Let’s face it, the way we used to work has changed. Companies are transitioning from the typical nine to five at the corporate office to hybrid work from home model. With this transition there are challenges, and one of those challenges we are already hearing about is the nagging pain in the neck. Some might attribute it to their kids and/or pets interrupting them every 15 minutes while trying to have an important meeting or complete a time-sensitive project, but it is more likely stemming from the home ergonomic office set up.
Ergonomics is simply defined as the science of designing workplaces to optimize the fit between the individual worker and the tasks they undertake. If there are problems with just one part of the working environment, then this can affect multiple areas of the body and cause pain. Also, just because you do not currently have pain does not mean your at home set up is ergonomically correct. Pain may not occur until months down the road. Let us get ahead of this pain with some simple tips for setting up an ergonomic home workstation.
Your chair should be set up to have your knees at a right (90 degree) angle and your feet firmly on the floor. If you are shorter you may have to get a footrest, so your feet are rested on the floor. Your low back and shoulder blades should touch your chair when you are sitting so you do not slouch forward. If your back has an increased curve you may need a pillow or lumbar roll to place between your chair and low back to provide added support. The backs of your knees should not make contact with your chair and should be no more than 3 inches from your chair. Make sure you have. sufficient space between your hips and the side of your chair so that no portion of the side of your legs are contacting your chair. This positioning will reduce strain on the body and put it into proper musculoskeletal alignment.
When typing your elbows should be bent to 90 degrees, wrists in a straight line not angled out, up, or down. Keep your mouse close to your keyboard so you do not have to reach out to grasp it. The monitor should be flat and set up so you are looking slightly down at it. To decrease the strain on your eyes and reduce the risk of headaches from prolonged use, set up your computer in a room with limited light shining on your computer screen which leads to glare off the screen. If you have anti-glare filters as a setting on your monitor, make sure they are turned on.
You have a project due at the end of the day, so you get set up and start working. You are in the zone, so you keep working. When you look up you realize you just spent 6 hours sitting in the same position. You did not get up to go to the bathroom, you did not drink any water, or take a lunch. Your shoulders were hunched forward, butt on the edge of your chair, and eyes less than a foot from the screen. You now have a headache, your neck and back are sore, and find yourself running to the bathroom. This is very common scenario and while being productive and “in the zone” has its benefits taking a moment for self-care can prevent these pains from happening and ultimately make you more productive on the job.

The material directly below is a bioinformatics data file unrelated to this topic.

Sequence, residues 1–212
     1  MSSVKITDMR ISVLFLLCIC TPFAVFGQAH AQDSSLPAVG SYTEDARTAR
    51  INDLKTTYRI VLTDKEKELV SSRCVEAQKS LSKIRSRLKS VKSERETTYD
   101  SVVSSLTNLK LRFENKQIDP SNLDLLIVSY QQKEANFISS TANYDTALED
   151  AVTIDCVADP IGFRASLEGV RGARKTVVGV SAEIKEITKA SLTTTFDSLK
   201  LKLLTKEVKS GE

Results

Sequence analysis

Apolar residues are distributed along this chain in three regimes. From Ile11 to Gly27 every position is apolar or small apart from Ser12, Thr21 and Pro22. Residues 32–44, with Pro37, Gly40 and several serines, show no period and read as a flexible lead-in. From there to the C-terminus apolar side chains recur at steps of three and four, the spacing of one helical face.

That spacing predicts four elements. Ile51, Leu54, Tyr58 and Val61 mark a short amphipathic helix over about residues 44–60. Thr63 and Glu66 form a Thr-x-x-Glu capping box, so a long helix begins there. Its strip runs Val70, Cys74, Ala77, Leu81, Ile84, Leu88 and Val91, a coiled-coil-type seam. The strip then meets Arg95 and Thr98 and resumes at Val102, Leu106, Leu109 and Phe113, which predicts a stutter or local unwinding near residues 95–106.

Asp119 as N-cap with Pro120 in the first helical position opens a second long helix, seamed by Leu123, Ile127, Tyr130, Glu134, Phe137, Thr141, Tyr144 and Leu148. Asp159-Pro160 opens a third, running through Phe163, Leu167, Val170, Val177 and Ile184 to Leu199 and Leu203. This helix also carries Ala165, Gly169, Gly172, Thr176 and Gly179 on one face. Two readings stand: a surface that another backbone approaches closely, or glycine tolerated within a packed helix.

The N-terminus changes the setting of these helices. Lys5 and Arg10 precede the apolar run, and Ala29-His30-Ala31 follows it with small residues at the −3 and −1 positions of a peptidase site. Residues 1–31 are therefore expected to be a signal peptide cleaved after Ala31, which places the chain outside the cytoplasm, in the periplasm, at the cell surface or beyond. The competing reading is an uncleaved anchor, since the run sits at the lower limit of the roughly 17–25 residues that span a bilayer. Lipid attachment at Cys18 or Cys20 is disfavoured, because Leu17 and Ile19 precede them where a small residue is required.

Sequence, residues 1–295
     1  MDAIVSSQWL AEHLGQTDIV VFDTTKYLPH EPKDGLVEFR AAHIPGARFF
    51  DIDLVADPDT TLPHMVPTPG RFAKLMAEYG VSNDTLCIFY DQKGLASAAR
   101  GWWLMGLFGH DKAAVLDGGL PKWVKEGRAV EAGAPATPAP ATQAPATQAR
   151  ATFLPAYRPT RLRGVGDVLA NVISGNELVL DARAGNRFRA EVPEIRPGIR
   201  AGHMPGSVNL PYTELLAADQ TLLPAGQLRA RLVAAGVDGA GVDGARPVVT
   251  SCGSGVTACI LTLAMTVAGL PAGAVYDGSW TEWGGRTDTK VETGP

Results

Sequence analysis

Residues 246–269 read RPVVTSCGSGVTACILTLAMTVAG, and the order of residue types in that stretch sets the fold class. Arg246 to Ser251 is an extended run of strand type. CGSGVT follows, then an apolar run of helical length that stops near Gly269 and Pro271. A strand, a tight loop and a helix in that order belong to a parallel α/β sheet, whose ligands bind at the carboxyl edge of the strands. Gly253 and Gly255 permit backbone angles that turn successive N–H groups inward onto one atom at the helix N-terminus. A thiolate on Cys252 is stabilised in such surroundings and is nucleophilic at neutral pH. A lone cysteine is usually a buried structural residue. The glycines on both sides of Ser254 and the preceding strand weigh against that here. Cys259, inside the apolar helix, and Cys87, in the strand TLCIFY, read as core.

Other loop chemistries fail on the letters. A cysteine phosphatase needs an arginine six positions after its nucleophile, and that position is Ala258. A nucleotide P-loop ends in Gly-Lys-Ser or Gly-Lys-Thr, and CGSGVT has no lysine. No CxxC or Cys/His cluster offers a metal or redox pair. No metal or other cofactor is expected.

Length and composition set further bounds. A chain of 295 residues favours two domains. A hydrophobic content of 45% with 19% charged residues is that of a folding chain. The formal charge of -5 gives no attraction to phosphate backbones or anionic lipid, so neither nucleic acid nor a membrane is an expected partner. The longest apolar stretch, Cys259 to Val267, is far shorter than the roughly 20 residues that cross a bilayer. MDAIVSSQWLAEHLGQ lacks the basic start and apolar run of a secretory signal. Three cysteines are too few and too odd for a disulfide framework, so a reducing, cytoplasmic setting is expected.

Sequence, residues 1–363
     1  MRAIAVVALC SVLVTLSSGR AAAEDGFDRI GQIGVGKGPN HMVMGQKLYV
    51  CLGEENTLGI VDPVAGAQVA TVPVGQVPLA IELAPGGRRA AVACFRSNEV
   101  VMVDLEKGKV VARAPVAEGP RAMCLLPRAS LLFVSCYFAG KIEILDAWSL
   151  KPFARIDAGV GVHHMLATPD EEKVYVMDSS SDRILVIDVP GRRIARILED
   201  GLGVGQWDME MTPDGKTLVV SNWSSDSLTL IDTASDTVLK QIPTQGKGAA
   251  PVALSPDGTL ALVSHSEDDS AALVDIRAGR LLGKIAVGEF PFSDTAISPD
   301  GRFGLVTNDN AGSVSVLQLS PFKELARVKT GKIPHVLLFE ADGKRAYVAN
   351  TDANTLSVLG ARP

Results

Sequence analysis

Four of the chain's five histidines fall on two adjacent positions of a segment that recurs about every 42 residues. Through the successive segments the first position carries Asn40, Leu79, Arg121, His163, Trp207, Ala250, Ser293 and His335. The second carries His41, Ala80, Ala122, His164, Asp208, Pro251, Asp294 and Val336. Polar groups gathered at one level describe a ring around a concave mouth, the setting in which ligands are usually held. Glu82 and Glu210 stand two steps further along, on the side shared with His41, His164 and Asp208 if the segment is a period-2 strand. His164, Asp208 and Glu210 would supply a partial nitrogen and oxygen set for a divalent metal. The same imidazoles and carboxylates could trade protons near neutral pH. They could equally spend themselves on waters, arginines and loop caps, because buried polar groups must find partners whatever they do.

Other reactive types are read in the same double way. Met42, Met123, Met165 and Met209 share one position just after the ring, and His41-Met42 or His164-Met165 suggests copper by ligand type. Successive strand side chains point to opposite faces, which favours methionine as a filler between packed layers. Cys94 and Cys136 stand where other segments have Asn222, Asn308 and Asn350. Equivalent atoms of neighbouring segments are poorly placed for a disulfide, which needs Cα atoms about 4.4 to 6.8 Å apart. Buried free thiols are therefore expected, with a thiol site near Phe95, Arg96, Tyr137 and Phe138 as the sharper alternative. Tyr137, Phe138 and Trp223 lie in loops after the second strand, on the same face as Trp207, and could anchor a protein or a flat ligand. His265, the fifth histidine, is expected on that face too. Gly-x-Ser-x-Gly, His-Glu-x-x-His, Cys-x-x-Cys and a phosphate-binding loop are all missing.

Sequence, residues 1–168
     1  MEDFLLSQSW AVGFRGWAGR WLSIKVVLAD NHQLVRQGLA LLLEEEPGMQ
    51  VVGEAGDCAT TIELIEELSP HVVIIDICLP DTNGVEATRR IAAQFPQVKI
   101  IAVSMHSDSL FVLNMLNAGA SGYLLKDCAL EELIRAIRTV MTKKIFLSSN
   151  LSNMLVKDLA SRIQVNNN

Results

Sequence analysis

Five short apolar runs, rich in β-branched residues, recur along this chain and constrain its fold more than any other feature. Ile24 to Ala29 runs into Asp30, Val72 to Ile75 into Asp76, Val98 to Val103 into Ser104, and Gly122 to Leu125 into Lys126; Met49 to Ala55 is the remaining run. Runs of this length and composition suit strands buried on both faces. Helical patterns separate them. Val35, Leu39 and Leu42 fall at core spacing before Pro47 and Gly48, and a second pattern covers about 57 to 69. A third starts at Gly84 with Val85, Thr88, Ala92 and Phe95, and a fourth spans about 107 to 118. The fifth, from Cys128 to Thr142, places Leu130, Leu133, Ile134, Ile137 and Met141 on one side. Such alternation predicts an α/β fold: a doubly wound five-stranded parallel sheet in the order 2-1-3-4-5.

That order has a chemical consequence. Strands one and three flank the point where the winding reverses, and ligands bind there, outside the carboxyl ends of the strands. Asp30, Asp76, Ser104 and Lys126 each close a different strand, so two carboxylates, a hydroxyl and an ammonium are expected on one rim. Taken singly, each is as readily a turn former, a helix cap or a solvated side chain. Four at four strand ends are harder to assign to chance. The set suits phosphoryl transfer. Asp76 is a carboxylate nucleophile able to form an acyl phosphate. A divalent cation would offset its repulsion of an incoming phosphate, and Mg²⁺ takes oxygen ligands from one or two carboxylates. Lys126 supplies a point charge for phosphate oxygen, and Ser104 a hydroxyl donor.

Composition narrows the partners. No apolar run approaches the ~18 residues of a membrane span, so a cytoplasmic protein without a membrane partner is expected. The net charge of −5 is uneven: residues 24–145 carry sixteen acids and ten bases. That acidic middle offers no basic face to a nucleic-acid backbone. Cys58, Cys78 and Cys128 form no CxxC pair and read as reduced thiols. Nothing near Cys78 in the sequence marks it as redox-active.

Every hour you should change your position. Sitting disease is a real thing so do some reversal of posture exercises, get up and walk, or simply take a break can help prevent it. Doing this is a great way to reset your body and mind. Set a timer if you need to and when it goes off stand up, extend your back, squeeze your shoulder blades, roll your shoulders back, stretch your wrists, and reach your arms overhead. Did you do it? No seriously, do it right now.
It probably took you less than 5 minutes. Just standing up and doing these exercises will make your body feel more energized while also less strained. The next time the timer goes off get up get up and walk to get a glass of water. It is important to stay hydrated through the day. Make sure you get up and walk to get your water so that your body gets moving and your eyes get a break from the screen.
If you have a desk that allows you to stand and work, then the next hour stand instead of sit. If you do stand be sure to wear supportive shoes or orthotics. Comfy slippers and socks might feel comfortable on your feet but your ankles, knees, hips and lower back are probably out of alignment, which can lead to pain. Supportive shoes or orthotics establish a strong base for your body and by supporting your arches help keep your hips over your knees over your ankles.
We know that each workstation is different, and every job has different demands. Hopefully after reading this you can implement some of these tips to decrease the risk of the pains from working at home. If you would like more information on how to set-up your workstation to address your specific needs, you can schedule a virtual ergonomic assessment with one of our skilled physical therapists. Stay safe and remember to keep moving throughout your day.